Monday, July 19, 2021

Pluses and Minuses of the Unary increment Operator

There has been a conversation on Twitter about the unary increment operator (++) and related (+=, –, etc.). I tend to gloss over these when teaching beginners. Especially those in a first programming course. A friend of mine disagrees. It started with:

Would you ever write, or teach a beginner, a = a + 1 if your language supports a += 1 If so, why?

Now obviously professional programming and beginner programming are not exactly apples and apples but we should probably be teaching best practices. Right? On the other hand, there is thing called cognitive load. There are really  at least four ways (in most C-style languages) to ad one to a variable.

  1. a = a + 1
  2. a += 1
  3. a++
  4. ++a

I generally teach options 1 and 3. I mention the others but don’t really expect students in a first class to use them all. Cognitive load. It’s enough for students to remember two ways to do something and they don’t need all four.

The first one has an advantage that it follows a general form. A value is added to a variable and saved in the original variable. This works for a lot more than adding one. Now arguably a += 1  does the same thing but the other format is a building block for more complicated  assignments with out the complexity of figuring out where += fits into the order of operations.

Now the pre and post increment (and decrement) operators are sort of special. It makes a difference which one you use;

foo = bar[I++] and foo = bar[++I] give very different results.

Personally I don’t want beginners using either except as a standalone statement. So I teach it for incrementing loop control values but don’t talk much about using it other places. Now obviously there are cases when using these operators in other places is a good idea. But I think beginners have enough trouble as it is without adding some unneeded complexity.

As time goes on and students become more comfortable with the language and the art of programming, by all means, show them the cool stuff. But remember that code should be readable by people as well as computers. When I was doing code reviews as a professional developer I always looked to readable and easy to maintain code. That’s how I want my students thinking as well.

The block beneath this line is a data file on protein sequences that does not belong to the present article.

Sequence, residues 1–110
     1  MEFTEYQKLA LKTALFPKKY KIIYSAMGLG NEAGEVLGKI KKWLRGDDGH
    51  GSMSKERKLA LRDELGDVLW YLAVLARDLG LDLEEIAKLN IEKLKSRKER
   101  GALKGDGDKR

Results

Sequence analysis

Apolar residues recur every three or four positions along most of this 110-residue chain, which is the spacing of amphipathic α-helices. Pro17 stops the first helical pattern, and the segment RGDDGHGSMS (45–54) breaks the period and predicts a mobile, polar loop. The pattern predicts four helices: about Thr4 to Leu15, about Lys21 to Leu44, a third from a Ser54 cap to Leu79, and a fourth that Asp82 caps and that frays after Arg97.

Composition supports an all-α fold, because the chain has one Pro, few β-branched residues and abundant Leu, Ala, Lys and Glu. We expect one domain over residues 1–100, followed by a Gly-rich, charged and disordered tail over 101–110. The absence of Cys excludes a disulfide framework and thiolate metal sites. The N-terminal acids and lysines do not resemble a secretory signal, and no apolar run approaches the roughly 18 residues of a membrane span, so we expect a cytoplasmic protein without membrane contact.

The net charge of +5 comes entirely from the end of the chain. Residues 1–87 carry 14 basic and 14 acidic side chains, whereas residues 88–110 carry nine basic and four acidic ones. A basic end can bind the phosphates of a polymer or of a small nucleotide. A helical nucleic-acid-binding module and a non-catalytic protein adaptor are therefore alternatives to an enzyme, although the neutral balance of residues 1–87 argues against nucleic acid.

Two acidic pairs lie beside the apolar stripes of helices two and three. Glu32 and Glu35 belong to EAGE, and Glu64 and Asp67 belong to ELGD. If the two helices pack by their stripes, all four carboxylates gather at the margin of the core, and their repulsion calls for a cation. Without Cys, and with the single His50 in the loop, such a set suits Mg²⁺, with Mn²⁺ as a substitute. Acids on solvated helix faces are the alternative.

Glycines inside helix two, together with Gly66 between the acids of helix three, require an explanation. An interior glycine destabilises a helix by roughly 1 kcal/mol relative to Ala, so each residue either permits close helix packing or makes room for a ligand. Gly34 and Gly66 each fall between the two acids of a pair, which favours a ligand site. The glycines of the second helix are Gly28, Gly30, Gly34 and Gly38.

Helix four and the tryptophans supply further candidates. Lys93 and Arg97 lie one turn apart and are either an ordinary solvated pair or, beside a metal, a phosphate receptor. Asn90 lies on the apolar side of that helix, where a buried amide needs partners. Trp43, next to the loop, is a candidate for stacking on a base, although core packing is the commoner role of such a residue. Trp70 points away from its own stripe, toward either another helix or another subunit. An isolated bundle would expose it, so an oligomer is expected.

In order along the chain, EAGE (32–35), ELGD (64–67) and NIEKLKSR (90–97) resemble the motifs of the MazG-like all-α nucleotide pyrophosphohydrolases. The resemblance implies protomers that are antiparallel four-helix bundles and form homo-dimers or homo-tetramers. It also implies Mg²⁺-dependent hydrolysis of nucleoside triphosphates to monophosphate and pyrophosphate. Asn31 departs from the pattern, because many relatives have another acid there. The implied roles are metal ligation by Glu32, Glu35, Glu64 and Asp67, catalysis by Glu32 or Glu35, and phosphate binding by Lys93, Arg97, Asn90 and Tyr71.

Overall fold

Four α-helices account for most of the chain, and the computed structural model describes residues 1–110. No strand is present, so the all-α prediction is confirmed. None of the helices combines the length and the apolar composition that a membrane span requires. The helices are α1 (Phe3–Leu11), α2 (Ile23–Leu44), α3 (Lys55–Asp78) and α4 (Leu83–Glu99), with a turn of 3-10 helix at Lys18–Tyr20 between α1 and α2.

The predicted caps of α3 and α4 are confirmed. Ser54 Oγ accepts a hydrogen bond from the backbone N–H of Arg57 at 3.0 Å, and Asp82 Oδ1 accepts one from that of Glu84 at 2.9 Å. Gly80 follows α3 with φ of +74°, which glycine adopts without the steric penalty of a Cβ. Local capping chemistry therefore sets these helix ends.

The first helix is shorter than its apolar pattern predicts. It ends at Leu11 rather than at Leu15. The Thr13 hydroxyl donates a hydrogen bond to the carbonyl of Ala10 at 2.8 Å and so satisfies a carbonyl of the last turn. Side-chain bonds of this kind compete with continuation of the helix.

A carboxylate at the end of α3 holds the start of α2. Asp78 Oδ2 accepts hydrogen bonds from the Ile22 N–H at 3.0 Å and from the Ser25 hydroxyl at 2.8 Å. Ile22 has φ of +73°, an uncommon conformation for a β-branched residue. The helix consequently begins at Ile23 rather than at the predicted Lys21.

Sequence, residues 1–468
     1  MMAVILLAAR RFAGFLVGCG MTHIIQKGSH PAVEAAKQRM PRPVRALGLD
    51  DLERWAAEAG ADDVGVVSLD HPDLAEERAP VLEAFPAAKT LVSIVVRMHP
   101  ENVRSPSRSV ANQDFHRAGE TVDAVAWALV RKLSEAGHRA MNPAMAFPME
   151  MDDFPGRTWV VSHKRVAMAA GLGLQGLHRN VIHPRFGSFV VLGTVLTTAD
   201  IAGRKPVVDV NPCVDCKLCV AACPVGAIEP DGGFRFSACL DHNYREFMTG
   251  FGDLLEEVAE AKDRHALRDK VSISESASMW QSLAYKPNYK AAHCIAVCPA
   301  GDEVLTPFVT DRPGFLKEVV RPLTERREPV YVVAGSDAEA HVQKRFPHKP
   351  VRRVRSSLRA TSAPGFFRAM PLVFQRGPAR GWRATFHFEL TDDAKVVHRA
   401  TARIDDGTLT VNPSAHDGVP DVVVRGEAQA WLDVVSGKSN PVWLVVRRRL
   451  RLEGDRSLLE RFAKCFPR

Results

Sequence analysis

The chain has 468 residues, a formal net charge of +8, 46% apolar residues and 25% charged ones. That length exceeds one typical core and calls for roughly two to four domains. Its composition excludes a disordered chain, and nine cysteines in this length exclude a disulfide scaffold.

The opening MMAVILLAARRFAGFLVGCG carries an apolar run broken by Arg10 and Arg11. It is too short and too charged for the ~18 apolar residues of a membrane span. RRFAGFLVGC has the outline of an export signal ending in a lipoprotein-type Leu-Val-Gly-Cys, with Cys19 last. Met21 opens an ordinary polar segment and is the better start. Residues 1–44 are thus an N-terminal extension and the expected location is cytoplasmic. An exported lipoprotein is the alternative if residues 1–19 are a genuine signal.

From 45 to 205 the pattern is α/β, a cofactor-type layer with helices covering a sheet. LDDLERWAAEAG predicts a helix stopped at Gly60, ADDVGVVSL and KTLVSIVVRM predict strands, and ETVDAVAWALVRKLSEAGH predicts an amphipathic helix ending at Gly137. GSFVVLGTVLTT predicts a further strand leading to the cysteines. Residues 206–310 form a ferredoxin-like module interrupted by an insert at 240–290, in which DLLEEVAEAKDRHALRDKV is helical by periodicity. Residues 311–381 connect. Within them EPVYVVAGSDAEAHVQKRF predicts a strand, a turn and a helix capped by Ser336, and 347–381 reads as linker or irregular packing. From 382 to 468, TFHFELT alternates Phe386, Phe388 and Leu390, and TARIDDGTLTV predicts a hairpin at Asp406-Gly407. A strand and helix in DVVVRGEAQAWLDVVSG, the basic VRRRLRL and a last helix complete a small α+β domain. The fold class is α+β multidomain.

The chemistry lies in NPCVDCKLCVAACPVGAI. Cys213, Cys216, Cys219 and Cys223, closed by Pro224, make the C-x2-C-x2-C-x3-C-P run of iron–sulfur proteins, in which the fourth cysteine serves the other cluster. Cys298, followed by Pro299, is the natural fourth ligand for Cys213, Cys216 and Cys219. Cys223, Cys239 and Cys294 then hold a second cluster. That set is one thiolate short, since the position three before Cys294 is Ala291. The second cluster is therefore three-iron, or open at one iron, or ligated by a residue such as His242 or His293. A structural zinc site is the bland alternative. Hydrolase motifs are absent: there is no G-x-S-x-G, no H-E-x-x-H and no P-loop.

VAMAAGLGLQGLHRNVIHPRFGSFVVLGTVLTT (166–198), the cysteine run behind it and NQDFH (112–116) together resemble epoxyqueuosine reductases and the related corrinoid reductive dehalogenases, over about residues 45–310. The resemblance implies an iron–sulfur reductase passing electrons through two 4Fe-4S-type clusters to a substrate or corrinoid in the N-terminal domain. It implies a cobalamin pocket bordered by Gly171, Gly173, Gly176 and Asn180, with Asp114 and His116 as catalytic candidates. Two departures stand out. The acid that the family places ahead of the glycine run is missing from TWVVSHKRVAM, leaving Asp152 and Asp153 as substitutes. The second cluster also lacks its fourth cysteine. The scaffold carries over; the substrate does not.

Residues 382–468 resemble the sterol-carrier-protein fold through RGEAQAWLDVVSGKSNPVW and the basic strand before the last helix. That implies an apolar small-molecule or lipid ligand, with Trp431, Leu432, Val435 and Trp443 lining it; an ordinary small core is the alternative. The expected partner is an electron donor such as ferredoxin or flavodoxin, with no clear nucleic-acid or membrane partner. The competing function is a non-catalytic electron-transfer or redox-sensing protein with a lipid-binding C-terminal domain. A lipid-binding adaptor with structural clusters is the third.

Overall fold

Agree? Disagree? Jump in in the comments below.


Mike Zamansky said...

I do much as you do - teach and encourage i=i+1 most of the time but consider i++ or ++i acceptable as standalone constructs.

I always used to write i++ but have been seeing ++i more and more these days - ++i probably makes more sense. I don't know any stats but it seems to me to be more intuitive what it does as opposed to i++.

Garth said...

a=a+1 works in every language I teach. The other forms are dependent. I point them out to the kids but rarely actually use or teach them. I know a=a+1 works and requires no thinking. I like things with no thinking.

Clark said...

I agree with the others. a=a+1 is just fine for everything. Very true about cognitive load for your students.

And I think that is just fine in a professional environment as well. It seems to lead down that road of ever increasing density of code. When someone says the can rewrite a section of code in one or two lines I always say that I don't want to be the person maintaining that code in a few years.

rwhite5279 said...

Somewhat related to the cognitive load point, a = a + 1 most clearly exemplifies the "=" symbol as an assignment operator, which is itself a bit odd at first for some students. It's not uncommon for some to reverse the order at first, writing a + 1 = a. (Some days I miss APL's <- assignment operator!)

I stick with the traditional at least until everyone gets assignment figured out, and then introduce the other variations in Python and Java classes.

I studiously avoid ++a.:)